What Don’t We Know about CBD?

What Don’t We Know about CBD?

For a plant that has been around for more than 5,000 years, we really know very little about cannabis and CBD in particular.

Many tribes and nations have been using cannabis-based on anecdotal evidence. They used it for pain relief, inflammation, and mental wellbeing.

Now that scientific research has the tools to examine plants in depth, researchers have been studying CBD. Most people take CBD based on their perceived notion that it will help their overall health. And yet, only one drug (Epidyolex, shown to reduce the severity and frequency of some rare epilepsy syndromes in children) has been approved by the NHS. This suggests a lack of concrete evidence about CBD’s potential in humans.

Even so, many consumers use CBD supplements because they feel they help them more and carry fewer side effects compared to conventional drugs. Especially when it comes to chronic pain and inflammation, common medication is often perceived as ineffective or comes with unpleasant side effects.

Patients across the world are looking into alternatives that will help them improve their health and bring about a better quality of life. People want a safe and accurate medication that still allows them to enjoy life and be happy.

So, how much do we really know about CBD and how much do we still need to learn?

CBD Research Fell Behind

The addition of cannabis in 1928 to the 1920 Dangerous Drugs Act officially outlawed cannabis for any use in the UK, including medical. Unfortunately, lawmakers bundled together anything that had to do with cannabis. Instead of isolating CBD, which is non-psychotropic and non-addictive, they chose to forbid all compounds that came from cannabis. While this may be understandable in the early 20th century, it is arguably insupportable given today’s scientific advances.

As a result of the illegal status of cannabis, research into the plant was hindered for decades, both due to low consumer interest and because the legal and organizational hurdles were too great to overcome.

As public opinion shifted to a more encompassing attitude to CBD, however, lawmakers followed suit. Between 1928 and 2004 and since 2009, cannabis has been classified as a class B drug. From 2004 to 2009, it was a class C drug.

As for CBD, the UK Parliament passed legislation in 2018 that legalised certain cannabinoids, including CBD, CBDa, and CBD. Since then, researchers have been increasingly focusing on CBD’s potential.

The Endocannabinoid System

It is worth remembering that until the early 1990s, researchers only knew of specific systems, such as the endogenous opioid system, the endocrine system, the nervous system, and the renal system. So, it was a surprise when they identified the human endocannabinoid system (ECS). This led to the realisation that the body works with endocannabinoids—cannabinoids produced by the ECS.

The human body’s various systems work together and also autonomously to keep our organs regulated and fully functioning. Learning about a new system was revolutionary and led scientists to wonder whether phytocannabinoids, i.e. cannabinoids that are produced by plants, might help the ECS when it fails at its tasks.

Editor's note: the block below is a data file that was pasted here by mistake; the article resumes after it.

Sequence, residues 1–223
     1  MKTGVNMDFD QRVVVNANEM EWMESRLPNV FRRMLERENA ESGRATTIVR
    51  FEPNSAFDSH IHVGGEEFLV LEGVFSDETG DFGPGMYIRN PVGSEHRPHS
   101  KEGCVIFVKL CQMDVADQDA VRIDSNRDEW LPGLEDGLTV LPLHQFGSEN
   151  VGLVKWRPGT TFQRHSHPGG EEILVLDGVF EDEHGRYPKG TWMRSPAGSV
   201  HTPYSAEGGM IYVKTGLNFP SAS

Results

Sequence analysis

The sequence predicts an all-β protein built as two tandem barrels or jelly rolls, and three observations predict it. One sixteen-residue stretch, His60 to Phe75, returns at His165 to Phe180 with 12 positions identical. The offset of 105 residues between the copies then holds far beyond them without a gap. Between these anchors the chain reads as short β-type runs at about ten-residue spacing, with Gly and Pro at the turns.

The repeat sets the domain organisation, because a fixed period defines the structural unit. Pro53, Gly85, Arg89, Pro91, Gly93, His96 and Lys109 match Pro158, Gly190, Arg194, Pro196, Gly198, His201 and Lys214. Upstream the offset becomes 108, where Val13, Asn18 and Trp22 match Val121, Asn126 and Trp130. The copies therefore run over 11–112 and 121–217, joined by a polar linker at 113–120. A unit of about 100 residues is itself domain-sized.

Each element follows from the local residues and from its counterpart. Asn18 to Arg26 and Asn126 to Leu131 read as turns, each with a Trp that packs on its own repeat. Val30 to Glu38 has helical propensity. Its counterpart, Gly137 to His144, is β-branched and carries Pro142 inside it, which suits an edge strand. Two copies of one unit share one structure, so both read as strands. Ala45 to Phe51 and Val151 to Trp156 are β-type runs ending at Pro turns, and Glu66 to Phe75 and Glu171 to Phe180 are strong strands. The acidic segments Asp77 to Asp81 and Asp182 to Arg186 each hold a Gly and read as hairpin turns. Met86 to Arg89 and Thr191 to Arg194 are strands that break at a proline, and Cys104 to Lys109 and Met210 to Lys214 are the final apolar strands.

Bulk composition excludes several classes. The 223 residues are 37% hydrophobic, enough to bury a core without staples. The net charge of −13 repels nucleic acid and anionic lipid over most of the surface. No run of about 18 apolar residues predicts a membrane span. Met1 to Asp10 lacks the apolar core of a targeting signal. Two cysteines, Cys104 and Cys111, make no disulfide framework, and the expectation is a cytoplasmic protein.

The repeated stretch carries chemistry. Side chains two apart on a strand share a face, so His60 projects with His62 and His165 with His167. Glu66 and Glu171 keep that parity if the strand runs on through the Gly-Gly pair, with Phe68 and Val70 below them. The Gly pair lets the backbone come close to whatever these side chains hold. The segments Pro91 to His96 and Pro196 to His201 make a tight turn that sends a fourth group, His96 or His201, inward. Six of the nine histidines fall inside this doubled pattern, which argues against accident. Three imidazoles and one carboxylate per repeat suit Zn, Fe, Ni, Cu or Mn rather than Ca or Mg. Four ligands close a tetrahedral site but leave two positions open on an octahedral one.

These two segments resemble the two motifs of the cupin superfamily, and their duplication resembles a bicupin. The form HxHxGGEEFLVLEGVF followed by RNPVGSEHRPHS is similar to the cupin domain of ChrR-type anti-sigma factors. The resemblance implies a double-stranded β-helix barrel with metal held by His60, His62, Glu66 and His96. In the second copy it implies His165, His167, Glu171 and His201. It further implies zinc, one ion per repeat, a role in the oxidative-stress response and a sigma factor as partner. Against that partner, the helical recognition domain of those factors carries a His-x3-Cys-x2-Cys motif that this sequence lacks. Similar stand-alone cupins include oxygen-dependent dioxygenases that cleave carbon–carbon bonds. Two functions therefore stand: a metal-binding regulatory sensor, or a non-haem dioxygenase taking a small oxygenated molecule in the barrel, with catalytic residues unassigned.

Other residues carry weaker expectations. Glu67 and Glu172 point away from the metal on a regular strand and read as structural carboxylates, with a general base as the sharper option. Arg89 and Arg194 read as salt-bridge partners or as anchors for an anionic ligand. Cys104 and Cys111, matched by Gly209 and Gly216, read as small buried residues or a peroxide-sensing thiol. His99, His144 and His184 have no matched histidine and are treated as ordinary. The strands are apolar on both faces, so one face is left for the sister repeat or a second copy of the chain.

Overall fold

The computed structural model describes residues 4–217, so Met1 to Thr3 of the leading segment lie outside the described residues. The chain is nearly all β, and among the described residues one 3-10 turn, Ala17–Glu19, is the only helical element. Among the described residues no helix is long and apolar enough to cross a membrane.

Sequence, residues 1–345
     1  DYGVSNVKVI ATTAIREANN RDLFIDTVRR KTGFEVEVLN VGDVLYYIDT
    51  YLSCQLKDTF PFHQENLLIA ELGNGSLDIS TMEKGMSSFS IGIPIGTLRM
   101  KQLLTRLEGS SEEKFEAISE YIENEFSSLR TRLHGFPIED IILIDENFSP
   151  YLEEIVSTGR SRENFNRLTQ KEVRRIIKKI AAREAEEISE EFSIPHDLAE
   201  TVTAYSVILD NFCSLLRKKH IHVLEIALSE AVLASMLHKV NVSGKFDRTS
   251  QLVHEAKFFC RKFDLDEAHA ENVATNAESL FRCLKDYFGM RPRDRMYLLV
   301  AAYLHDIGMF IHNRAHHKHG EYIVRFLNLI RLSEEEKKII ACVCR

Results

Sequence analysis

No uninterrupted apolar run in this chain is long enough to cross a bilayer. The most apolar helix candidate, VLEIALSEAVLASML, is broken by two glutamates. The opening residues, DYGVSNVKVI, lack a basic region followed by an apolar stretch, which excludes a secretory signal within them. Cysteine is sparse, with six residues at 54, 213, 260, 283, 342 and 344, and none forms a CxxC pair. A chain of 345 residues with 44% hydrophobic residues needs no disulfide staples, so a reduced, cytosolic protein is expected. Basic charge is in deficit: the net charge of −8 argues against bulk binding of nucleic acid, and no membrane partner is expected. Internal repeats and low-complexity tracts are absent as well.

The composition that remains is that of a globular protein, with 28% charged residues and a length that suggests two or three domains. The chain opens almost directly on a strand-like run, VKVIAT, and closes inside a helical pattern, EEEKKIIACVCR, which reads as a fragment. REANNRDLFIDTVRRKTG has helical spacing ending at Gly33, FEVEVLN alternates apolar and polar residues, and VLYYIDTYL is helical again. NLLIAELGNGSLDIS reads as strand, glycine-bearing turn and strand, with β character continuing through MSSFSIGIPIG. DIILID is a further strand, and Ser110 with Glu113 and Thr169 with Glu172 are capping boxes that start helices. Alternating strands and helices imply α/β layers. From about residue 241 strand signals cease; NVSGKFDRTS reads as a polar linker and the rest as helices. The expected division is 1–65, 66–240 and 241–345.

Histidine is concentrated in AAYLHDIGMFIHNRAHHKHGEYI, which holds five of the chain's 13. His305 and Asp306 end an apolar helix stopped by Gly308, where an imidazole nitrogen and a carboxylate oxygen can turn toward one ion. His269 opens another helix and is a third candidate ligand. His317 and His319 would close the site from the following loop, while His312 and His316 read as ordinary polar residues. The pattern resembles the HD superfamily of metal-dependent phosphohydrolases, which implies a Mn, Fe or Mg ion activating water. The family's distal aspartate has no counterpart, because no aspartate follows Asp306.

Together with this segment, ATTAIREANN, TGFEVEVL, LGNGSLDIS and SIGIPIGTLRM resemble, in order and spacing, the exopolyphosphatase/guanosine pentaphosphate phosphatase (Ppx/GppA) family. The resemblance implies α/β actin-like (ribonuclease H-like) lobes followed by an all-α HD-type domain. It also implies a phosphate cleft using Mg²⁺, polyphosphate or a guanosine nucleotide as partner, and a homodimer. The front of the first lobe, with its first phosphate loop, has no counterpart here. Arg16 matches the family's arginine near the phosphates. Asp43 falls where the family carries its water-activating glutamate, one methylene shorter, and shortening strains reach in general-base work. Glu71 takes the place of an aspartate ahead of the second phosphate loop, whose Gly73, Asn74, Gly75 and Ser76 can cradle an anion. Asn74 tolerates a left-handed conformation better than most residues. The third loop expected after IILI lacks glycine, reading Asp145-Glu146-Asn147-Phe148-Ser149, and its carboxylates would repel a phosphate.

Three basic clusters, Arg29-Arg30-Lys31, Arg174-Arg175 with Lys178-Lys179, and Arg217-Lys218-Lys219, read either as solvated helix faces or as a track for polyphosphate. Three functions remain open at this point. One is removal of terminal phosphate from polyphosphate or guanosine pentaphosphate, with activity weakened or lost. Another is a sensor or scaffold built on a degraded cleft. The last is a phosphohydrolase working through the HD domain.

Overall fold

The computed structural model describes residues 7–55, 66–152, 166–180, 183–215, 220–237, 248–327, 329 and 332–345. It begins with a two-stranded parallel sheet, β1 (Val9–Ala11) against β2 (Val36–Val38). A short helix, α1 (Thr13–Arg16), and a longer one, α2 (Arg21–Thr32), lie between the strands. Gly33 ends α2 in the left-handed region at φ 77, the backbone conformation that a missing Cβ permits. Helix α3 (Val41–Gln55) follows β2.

This is an open question, with much evidence suggesting that yes, CBD may help support our health. Unfortunately, we simply haven’t studied cannabinoids long enough to draw definitive conclusions yet.

We Don’t Know How CBD Works with the ECS

Our endocannabinoid system (ECS) is tasked with keeping in balance several bodily functions, including reproduction, learning, memory, appetite, mood, inflammation, pain perception, and even motor and temperature perception. The ECS has far-reaching effects on the body and brain.

The ECS works with two human cannabinoids, which attach to their respective receptors—called CB1 and CB2—when something needs fixing. For instance, when your cells need extra hydration, your ECS releases endocannabinoids that bind to their receptors and create a feeling of thirst, thus making you reach for water.

Sometimes, the ECS is out of sync or finds it difficult to maintain homeostasis—the body’s natural balance. That’s when inflammation builds up, particularly in autoimmune inflammatory diseases. No matter how many cannabinoids the ECS releases, an imbalance remains in the body.

CBD may help restore the ECS’s balance. Several studies [1] suggest, for example, that CBD may possess anti-inflammatory properties. Since the ECS is responsible for regulating inflammation, this suggests a relationship between the two. But how does CBD fit in with the ECS? While we know that the molecular structure of CBD is very close to one of the human cannabinoids, called 2-AG, we don’t know how CBD converses with the ECS.

It was initially thought that CBD binds with the CB1 and CB2 receptors and helps them activate cells. Now, however, it is believed that CBD does not directly interact with the receptors but rather nudges the ECS to work more effectively with its own cannabinoids. So far, there is little clear evidence on how CBD, the ECS, the human cannabinoids, and the cannabinoids receptors work with each other.

Even in the case of Epidyolex, it was only shown that CBD has a significant effect on the severity and frequency of epileptic seizures, but we know little of the mechanism involved. There are some assumptions that Epidyolex manages to slow down how fast and how frequently signals are exchanged between cells. It is also assumed that CBD decreases brain inflammation or chemical imbalances in the brain. Researchers, however, are still unsure as to how CBD manages to work its way through the brain: even the Epilepsy Foundation admits that we are uncertain about the way CBD calms down seizures [2].

We Don’t Know What Would Be an Optimal Dosage of CBD

Dosage is one of the greatest questions surrounding CBD. How much CBD do you need to consume? The NHS has not given a recommended daily allowance, as we still don’t know how much CBD people should take or the exact dosage for each health goal.